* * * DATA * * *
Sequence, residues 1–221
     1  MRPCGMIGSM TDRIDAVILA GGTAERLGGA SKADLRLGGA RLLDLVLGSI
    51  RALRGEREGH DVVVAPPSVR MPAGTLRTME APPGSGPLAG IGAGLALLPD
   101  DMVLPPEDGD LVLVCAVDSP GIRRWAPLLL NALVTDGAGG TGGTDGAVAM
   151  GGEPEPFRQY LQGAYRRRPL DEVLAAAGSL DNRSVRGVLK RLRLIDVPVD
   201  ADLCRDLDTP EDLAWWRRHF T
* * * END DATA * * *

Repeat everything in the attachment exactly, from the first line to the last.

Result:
Sequence, residues 1–221
     1  MRPCGMIGSM TDRIDAVILA GGTAERLGGA SKADLRLGGA RLLDLVLGSI
    51  RALRGEREGH DVVVAPPSVR MPAGTLRTME APPGSGPLAG IGAGLALLPD
   101  DMVLPPEDGD LVLVCAVDSP GIRRWAPLLL NALVTDGAGG TGGTDGAVAM
   151  GGEPEPFRQY LQGAYRRRPL DEVLAAAGSL DNRSVRGVLK RLRLIDVPVD
   201  ADLCRDLDTP EDLAWWRRHF T